Cameron launches diplomatic offensives for EU reform

Dara Murphy hints at common ground between the UK and Ireland on issues

British prime minister David Cameron: “There will be lots of noise, lots of ups and downs along the way.” Photograph: EPA/Valda Kalnina

British prime minister David Cameron: “There will be lots of noise, lots of ups and downs along the way.” Photograph: EPA/Valda Kalnina

 

British prime minister David Cameron is to embark on a series of diplomatic offensives in the coming weeks to seek political support for renegotiating Britain’s membership of the European Union. He pledged to give British people a “proper choice” in the forthcoming EU referendum.

European Commission president Jean-Claude Juncker will travel to Chequers on Monday for talks, while Mr Cameron is also expected to hold bilateral talks with German chancellor Angela Merkel and French president François Hollande next week. A meeting with Taoiseach Enda Kenny will take place in early June.

Common ground

LatviaDara MurphyIreland

“Much of what’s being suggested and proposed to date by David Cameron would be to the advantage of all of the people of the European Union, particularly in the space of regulation and growth, so we are very optimistic that the UK will remain, as it should be, at the very very heart of decision-making in Europe, ” he said.

“We very much look forward to getting the process under way now, of listening to see what David Cameron and the British government feel they need to achieve, and then working with the.”

Mr Cameron is understood to have spoken briefly to the leaders of Poland, Hungary, and Sweden on the fringes of the summit – his first overseas visit since his electoral victory two weeks ago.

‘Ups and downs’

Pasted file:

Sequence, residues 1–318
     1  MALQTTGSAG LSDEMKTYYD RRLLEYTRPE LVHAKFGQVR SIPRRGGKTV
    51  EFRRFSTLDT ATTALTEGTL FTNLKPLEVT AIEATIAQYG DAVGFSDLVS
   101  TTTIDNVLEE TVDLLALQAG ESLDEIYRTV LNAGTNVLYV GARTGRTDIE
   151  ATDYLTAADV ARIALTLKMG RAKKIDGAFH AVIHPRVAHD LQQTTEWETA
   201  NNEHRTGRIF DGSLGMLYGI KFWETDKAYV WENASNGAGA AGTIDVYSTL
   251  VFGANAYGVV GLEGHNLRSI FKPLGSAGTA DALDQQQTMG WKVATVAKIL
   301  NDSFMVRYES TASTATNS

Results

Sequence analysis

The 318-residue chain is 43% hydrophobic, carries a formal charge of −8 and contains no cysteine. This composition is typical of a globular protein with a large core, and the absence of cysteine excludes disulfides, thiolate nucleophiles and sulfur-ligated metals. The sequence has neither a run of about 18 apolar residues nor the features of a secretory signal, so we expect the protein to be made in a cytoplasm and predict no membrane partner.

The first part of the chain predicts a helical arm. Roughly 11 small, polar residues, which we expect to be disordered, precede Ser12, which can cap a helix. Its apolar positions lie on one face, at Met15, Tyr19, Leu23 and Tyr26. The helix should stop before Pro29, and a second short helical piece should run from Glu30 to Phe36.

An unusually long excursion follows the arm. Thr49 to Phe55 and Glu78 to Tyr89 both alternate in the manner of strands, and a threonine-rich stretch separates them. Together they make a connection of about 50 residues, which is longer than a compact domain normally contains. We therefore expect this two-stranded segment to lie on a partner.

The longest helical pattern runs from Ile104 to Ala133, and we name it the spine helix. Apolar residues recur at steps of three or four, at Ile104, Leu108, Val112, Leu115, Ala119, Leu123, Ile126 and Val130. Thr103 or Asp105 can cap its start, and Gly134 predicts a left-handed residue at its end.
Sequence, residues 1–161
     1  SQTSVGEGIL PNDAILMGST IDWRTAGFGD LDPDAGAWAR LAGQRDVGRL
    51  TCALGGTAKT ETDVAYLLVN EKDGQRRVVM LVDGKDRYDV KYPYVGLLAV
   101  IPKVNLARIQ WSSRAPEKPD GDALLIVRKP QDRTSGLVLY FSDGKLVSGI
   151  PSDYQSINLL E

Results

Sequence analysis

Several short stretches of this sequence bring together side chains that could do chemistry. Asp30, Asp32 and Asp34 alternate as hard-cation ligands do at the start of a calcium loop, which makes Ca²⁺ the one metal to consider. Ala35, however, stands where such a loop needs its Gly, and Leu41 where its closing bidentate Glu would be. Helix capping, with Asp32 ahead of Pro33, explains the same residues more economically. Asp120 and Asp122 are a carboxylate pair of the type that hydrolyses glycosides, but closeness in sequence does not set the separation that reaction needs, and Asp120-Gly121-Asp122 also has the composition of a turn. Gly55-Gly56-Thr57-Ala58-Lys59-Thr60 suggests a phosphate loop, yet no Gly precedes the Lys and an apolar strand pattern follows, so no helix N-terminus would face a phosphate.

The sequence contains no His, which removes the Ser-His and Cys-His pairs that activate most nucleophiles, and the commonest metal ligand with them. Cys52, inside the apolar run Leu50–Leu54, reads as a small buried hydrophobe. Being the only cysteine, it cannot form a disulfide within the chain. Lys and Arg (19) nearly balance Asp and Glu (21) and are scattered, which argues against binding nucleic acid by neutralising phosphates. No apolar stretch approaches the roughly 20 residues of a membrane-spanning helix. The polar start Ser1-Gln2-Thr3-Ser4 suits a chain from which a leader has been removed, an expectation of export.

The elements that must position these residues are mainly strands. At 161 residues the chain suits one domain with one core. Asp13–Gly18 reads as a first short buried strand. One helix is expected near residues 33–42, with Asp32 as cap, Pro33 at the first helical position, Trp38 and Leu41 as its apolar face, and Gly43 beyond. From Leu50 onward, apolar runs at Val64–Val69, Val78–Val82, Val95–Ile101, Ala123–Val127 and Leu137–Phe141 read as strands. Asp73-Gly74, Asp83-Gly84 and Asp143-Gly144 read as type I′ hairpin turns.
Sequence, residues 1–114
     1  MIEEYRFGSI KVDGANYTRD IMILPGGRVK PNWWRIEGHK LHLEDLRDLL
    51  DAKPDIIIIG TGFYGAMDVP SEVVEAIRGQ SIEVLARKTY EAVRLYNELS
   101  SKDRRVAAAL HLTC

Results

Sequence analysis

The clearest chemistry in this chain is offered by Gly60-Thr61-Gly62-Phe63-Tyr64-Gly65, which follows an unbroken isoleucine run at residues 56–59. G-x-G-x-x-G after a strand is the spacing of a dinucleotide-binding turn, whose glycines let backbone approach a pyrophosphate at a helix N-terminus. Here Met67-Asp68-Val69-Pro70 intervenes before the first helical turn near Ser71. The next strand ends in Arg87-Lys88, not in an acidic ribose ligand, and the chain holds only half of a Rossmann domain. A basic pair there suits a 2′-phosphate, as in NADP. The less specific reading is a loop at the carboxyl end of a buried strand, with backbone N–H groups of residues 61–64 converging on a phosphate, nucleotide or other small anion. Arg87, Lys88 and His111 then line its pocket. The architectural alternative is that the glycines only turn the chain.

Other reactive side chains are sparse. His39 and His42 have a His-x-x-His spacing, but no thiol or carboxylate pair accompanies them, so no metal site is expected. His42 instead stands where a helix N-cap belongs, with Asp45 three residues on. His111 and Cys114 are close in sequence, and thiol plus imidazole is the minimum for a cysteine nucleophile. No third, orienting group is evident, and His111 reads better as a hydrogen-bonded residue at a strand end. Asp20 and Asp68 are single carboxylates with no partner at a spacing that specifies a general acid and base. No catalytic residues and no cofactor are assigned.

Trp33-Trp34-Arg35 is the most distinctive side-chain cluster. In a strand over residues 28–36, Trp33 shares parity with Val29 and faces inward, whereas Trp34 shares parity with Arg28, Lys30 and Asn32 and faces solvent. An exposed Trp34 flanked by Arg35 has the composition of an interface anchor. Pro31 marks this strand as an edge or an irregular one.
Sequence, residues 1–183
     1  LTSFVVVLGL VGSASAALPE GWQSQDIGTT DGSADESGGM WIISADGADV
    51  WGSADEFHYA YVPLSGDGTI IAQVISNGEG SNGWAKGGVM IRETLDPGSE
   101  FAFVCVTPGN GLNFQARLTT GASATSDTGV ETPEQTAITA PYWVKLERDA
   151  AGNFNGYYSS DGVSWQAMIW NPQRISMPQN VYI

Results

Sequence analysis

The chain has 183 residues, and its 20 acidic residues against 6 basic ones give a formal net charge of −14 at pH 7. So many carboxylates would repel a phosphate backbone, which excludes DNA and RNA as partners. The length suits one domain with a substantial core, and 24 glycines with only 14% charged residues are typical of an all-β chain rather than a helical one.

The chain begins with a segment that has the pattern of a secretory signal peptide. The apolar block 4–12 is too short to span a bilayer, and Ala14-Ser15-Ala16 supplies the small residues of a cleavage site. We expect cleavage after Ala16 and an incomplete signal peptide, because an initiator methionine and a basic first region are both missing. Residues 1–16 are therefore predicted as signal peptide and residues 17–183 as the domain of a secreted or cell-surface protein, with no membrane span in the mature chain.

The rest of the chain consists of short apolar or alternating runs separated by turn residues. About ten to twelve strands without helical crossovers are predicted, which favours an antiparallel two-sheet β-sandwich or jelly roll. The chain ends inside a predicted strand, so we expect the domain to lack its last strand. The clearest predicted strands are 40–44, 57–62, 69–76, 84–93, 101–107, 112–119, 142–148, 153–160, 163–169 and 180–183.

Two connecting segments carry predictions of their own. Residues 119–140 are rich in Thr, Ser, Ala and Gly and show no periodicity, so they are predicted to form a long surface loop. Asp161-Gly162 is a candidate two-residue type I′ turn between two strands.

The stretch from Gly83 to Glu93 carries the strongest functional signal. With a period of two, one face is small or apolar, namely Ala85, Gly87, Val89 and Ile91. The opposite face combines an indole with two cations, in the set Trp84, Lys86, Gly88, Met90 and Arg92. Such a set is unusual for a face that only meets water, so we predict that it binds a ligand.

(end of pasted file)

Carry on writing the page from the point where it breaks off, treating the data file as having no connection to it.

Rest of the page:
“There will be lots of noise, lots of ups and downs along the way . . . you’ll hear one day this is possible, the next day something else is possible,” he said as he arrived at the summit.

“One thing throughout all of this will be constant and that will be my determination to deliver for the British people the reform of the European Union so that they’ll get a proper choice in that referendum we’ll hold before the end of 2017.”

A key issue for Britain is whether it can achieve the changes it wants without a change to the EU treaties.

Asked if Ireland would be prepared to consider reopening the EU treaties – a move that would necessitate a referendum – Mr Murphy said it was too early to say.

“We still haven’t seen any proposals to see if that would be required or not.”

EU leaders struck a relatively upbeat note on the British question, with most predicting a renegotiated deal could be agreed, though any fundamental changes to EU freedom of movement rules was ruled out.

“When it comes to David Cameron’s proposals, I personally am open to discuss them,” Estonian prime minister Taavi Roivas said.

Finnish prime minister Alex Stubb said he was confident of a deal. “Europe is by definition a compromise and I’m sure we’ll find some kind of compromise that is good for Britain and good for Europe.”